Publiceret: 31.05.2017Af Niels Brandt Petersen mail
About three years ago when food company Daloon distributed the first packs of “meat free vegetable patties” to Danish supermarkets, the company had no idea how big their sales would be.
In a single year, sales of the vegetarian patties grew by 144 per cent. And while Daloon expanded its vegetarian line, the sales boom has continued. From 2015 to 2016, sales of the product range rose by 27 per cent.
“We have big expectations for the vegetarian trend that has now really taken hold among Danish consumers,” says Lars Kousgaard, Nordic Sales and Marketing Manager at Daloon.
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He explains that Daloon in the UK experienced a significant increase in sales of vegetarian alternatives a few years earlier. This is a development that has slowly spread to Denmark.
“In Denmark, vegetarian meals still constitute a minor part of our total sales, while our colleagues at Daloon UK have experienced a completely different growth, because the British market for vegetarian dishes started three-four years before the Danish market. From 2013, when vegetarian meals were essentially non-existent at Daloon UK, the range has grown to make up nearly 45 per cent of total revenue there,” says Lars Kousgaard, who expects an increase of about 20 per cent per year in Denmark.
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According to Coop, sales of vegetarian products such as falafel and tofu in Coop’s supermarkets increased by 30 per cent between 2014 and 2015 and by 51 per cent between 2015 and 2016.
Meanwhile, the number of adult Danes who have a meat free day one to seven times per week has risen from 17 per cent in 2010 to 21 per cent in 2016.
Rune-Christoffer Dragsdahl, Secretary General at the Danish Vegetarian Association believes that the changing consumer habits are more than a trend. It is a mega-trend that is here to stay.
“We are seeing a public interest that is, in addition to animal ethics and health, also currently very much about a sustainable environment and the global perspective in cutting down on meat consumption. This trend is here to stay,” says Rune-Christoffer Dragsdahl.
He is pleased that Danish food companies are today keen to produce alternatives to pork chops and hamburger patties.
“When businesses get going, it means there is money in it. And when we look to other countries, Denmark is indeed behind, so it’s only natural that we move in that direction,” says Rune-Christoffer Dragsdahl.
The development means that many companies like Daloon are busy developing new products and trying to gain foothold in the growing vegetarian market.
“It is a significant increase that we are following closely, and we are in the process of developing products for it, in collaboration with consumers,” says Trine Søndergaard, Strategic Marketing Manager at Orkla Foods Danmark, the company behind brands such as Beauvais, K-Salat and Pastella, among others.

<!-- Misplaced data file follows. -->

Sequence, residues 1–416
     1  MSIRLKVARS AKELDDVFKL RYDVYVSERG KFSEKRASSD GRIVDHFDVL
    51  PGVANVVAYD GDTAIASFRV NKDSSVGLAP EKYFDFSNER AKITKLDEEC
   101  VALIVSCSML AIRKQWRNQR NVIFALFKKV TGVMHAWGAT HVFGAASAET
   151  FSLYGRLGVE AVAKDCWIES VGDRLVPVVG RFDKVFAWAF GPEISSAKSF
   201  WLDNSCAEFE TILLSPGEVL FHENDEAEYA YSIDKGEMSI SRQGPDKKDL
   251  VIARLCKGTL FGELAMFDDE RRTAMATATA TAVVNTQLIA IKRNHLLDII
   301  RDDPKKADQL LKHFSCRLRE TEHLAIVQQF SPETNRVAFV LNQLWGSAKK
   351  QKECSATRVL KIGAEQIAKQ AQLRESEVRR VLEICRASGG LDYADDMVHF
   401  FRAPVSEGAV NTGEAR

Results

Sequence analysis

Trine Søndergaard expects that within one to two years, Orkla Food will have a number of products on the market that can provide consumers with meat-free alternatives.
“The traditional meals we also have in our repertoire are centred on meat. We are therefore considering how cabbage, beans and other ingredients can become the focal point in the product. This is easier said than done, however, because it is also about habits, and it will undoubtedly take some time before we find the right solution,” says Trine Søndergaard.
Orkla Food currently expects that 25 per cent of Danish consumers will have one to two meat free days per week in 2025.
“There are many Danes who want to and will change their consumer habits, and like many other food companies, this is something we are taking into account,” says Trine Søndergaard.
The Danish Food and Drink Federation, like the food industry, expects an increase in vegetarian products and can clearly sense that companies are interested in the new agenda.
“We are seeing more companies that wish to cater to the new demands. And in many places, companies have made great advances in relation to the development of meat free products or meat alternatives,” says Director Leif Nielsen, Danish Food and Drink Federation.
He also emphasises, however, that despite the new development, meat dishes on Danish dinner tables are not under threat. According to Coop, the vegetarian range still constitutes less than 1 per cent of the supermarket chain’s sold products.
“The biggest trend is what you could call a ‘dualistic lifestyle’. Many customers who buy vegetarian products also still buy meat, because although we might abide by the ‘meatless Mondays’ slogan and forego meat that day, there is still meat on the table the rest of the week,” says Leif Nielsen.